The adapter can e.g. be used for common endotracheal intubation. The adapter in FIG. 3B is known by the Instrumentarium Oy's brand name D-LITE™ or PEDE-LITE™.
A dangerous underpressure is generally in the magnitude of -20 cmH2 O, but already e.g. an underpressure value of -5 cmH2 O can cause emergencies, if the effect of the underpressure is for more than one minute. The ambient pressure of the tubes is generally the 0-level, which is the atmospheric pressure, i.e. approx. 1 atm. The expiration pressure is generally the same as the ambient pressure and at inspiration smaller than 30 cmH2 O.
The flow can alternatively be measured so that, knowing that the expiration and inspiration flows follow predetermined curves, a sudden change in the flow depicting curve in relation to comparative curves could cause an alarm of underpressure in the respiratory tube. The underpressure thus generates an error and alarm message.
Different alternatives are possible. The adapter 16 provided in the respiratory tube 15 can be according to FIG. 4, with which is measured either the pressure or the flow magnitude or both together. The adapter 16 can be attached from its one end either to the intubation tube or directly to the mask or to endotracheal intubation, which are not separately shown in the pictures. Different connectors might be required or a respiratory tube as in the FIGS. 1 and 2.
FIG. 5 presents a partial view of FIG. 4. The underpressure observing member 4 can be a pressure or flow measuring device, e.g. the device 21, which measures the flow by observing the pressure difference over the throttle 20 provided in the adapter 16, and a sensor 25 comparing the tube pressure with the ambient air. Both can be used together for the measuring or only one of them.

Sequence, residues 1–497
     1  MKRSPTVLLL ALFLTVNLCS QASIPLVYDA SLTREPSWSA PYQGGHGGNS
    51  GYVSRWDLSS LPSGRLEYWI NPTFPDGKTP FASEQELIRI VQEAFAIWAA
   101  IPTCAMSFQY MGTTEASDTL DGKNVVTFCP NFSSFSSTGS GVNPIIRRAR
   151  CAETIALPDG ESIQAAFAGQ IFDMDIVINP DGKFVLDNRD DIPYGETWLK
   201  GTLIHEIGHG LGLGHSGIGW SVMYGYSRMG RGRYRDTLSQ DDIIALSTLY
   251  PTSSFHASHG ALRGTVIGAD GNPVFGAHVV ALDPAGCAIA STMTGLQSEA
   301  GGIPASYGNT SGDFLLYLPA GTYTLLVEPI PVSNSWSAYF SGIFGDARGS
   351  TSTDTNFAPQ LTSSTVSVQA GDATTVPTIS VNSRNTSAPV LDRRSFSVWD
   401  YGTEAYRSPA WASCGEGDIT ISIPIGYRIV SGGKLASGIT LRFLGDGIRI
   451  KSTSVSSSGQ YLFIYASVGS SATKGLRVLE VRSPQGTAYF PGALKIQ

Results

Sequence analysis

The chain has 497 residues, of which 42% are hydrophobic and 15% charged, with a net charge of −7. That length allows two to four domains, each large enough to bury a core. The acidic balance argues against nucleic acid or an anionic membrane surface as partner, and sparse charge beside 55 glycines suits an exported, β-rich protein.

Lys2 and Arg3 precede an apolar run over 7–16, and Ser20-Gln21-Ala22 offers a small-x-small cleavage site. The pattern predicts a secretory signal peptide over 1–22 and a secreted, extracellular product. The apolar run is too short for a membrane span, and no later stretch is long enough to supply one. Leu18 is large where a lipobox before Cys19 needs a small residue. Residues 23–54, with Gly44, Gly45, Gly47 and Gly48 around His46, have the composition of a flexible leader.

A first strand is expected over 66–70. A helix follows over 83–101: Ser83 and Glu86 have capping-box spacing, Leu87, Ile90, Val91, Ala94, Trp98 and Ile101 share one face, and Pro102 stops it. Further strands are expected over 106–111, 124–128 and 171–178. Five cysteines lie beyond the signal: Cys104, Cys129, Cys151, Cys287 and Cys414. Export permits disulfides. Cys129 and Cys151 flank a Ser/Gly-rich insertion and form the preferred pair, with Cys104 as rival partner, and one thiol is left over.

The invention has above been described with reference to only one of its embodiments. The invention is not to be considered as so restricted, but all modifications and alternatives, e.g. in the flow measuring, are possible within the scope of the inventive idea according to the claims below.
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|U.S. Classification||128/204.23, 128/204.22, 600/529|
|International Classification||A61M16/08, A61M16/10, A61M16/00|
|Cooperative Classification||A61M16/0858, A61M2230/435, A61M2016/1035, A61M16/0051, A61M16/085, A61M2230/432, A61M2016/1025, A61M2016/103, A61M16/08|
|Mar 4, 1997||AS||Assignment|
Owner name: INSTRUMENTARIUM CORPORATION, FINLAND
Free format text: ASSIGNMENT OF ASSIGNORS INTEREST;ASSIGNOR:HAKALA, MATTI;REEL/FRAME:008379/0770
Effective date: 19951129
|Aug 22, 2002||FPAY||Fee payment|
Year of fee payment: 4
|Sep 10, 2002||REMI||Maintenance fee reminder mailed|
|Sep 13, 2006||REMI||Maintenance fee reminder mailed|
|Feb 23, 2007||LAPS||Lapse for failure to pay maintenance fees|
|Apr 24, 2007||FP||Expired due to failure to pay maintenance fee|
Effective date: 20070223